Solar power in the U.S. has developed 4,000% percent over the past decade but the sector still only records for 3% of power generation. The cyurrent administration of the country is willing to change it, and on Tuesday August 17, 2021, stated that solar could offer approximately 40% of the country’s power needs by 2035.
To fulfill this goal, the Department of Energy stated that the rate of development of solar will have to triple by 2030. Which means the prices must have keep falling.The net cost of a solar system relies on variables like size, power prices in the specific location and the purchasing or leasing of it. Solar’s leveled cost of energy that enables it to get in comparison with other resources have dropped by around 70% in the past decade.
The ultimate goal for the department of energy is to offer solar power at around 5 cents per kilowatt hour by year 2030, which is drop of around 50 cents in 2010. Commercial costs must drop to 4 cents by 2030 which were at 39 cents in 2010, as the utility-scale solar will have to decline to 2 cents by 2030 which was at 27 cents past decade.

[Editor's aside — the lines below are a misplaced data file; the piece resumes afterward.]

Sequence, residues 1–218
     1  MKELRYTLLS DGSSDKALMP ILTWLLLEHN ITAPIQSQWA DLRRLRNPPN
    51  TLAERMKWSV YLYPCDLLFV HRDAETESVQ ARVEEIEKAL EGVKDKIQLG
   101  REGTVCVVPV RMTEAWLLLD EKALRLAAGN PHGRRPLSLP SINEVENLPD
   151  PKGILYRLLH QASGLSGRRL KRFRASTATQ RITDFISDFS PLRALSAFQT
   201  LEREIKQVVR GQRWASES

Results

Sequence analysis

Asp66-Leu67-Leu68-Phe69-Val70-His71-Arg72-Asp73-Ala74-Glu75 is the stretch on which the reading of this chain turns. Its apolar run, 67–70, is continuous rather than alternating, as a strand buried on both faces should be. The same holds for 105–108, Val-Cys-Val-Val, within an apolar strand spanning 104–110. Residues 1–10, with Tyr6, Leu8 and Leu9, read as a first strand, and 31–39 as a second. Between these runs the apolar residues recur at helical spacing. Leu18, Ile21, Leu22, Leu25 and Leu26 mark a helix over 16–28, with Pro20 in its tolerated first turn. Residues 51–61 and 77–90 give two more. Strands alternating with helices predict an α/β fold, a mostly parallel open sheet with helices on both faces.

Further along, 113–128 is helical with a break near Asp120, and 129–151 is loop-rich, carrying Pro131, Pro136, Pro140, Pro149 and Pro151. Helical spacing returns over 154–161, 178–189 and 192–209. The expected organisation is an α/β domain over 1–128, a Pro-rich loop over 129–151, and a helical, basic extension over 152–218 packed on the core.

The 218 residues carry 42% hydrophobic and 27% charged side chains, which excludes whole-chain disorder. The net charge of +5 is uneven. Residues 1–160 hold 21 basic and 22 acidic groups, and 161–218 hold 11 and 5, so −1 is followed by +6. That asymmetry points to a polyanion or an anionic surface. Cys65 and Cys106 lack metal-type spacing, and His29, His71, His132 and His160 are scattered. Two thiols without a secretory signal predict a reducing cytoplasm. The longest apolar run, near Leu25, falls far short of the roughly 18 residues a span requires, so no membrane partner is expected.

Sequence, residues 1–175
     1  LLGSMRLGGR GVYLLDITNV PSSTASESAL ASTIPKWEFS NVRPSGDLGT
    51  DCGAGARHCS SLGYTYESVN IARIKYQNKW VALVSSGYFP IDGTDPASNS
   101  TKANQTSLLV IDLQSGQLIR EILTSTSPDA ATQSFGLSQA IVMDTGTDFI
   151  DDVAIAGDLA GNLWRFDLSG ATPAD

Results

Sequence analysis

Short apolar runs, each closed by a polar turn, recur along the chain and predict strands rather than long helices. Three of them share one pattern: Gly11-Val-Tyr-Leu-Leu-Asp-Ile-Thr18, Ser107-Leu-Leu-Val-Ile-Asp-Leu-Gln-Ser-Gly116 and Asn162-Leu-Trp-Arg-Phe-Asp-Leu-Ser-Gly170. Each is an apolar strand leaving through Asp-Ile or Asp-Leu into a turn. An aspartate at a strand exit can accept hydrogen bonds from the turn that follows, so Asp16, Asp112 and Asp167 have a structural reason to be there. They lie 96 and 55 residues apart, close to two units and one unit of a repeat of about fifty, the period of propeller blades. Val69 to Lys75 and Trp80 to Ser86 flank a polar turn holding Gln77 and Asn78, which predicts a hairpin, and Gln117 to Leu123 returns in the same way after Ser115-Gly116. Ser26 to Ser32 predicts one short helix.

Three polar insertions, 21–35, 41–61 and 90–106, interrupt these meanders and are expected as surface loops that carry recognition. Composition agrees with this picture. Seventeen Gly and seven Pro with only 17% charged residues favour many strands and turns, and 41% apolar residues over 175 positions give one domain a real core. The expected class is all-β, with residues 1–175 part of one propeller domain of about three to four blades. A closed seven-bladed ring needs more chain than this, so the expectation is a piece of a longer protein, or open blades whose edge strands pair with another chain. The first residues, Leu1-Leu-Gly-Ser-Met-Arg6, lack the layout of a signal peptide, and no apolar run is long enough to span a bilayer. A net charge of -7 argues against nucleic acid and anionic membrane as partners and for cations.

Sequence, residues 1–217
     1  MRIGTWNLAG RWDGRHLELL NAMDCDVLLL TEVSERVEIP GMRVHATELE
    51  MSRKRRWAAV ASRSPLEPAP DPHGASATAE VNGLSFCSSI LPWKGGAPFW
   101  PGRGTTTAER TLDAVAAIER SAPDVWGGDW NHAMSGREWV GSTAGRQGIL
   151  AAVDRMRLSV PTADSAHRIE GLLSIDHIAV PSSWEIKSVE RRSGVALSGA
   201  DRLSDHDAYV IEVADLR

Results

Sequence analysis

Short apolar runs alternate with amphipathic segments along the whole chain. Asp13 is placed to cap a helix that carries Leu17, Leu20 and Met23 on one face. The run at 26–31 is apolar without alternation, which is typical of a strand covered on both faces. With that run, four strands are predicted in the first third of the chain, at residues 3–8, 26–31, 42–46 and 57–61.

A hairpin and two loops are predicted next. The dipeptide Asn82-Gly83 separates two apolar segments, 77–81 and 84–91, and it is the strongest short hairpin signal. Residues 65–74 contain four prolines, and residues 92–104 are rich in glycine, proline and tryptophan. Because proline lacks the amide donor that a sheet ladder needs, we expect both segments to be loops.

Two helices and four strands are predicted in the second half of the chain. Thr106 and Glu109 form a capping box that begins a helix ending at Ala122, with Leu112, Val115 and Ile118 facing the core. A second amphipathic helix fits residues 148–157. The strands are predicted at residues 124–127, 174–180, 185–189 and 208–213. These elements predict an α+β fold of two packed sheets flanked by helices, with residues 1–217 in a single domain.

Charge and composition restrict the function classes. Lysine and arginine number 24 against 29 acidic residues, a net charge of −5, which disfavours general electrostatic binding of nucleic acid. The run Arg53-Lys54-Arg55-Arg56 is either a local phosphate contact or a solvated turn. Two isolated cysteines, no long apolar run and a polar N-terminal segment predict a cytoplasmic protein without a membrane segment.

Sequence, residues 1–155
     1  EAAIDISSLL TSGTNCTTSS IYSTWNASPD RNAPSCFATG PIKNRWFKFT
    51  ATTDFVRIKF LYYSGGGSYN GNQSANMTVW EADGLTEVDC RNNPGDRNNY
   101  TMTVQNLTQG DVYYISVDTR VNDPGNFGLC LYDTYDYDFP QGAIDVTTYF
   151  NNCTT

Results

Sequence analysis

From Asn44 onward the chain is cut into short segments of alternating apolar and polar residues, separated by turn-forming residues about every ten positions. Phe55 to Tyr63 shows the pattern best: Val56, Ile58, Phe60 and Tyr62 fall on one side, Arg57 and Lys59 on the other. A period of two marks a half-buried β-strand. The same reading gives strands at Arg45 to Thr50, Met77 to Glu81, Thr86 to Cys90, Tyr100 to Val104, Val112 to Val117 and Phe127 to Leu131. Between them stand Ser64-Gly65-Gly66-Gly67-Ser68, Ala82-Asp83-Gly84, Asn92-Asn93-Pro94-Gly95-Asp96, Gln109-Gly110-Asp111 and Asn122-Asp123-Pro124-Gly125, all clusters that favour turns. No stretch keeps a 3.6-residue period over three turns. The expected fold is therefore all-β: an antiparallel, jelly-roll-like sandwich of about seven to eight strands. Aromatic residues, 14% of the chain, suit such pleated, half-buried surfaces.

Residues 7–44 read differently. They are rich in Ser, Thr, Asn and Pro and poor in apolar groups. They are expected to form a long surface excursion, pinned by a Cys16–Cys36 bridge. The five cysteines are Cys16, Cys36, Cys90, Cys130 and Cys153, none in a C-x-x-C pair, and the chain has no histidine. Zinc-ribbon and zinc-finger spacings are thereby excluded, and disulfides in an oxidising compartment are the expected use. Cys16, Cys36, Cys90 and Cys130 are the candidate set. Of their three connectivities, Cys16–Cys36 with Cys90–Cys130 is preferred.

U.S. solar deployments reach a peak in 2020 as dropping costs and helpful policies increased demand, and the market is anticipated to hit another record in this year as well.The Department of Energy also suggested to highlighting advanced manufacturing and innovation and also investing in community and low-income solar.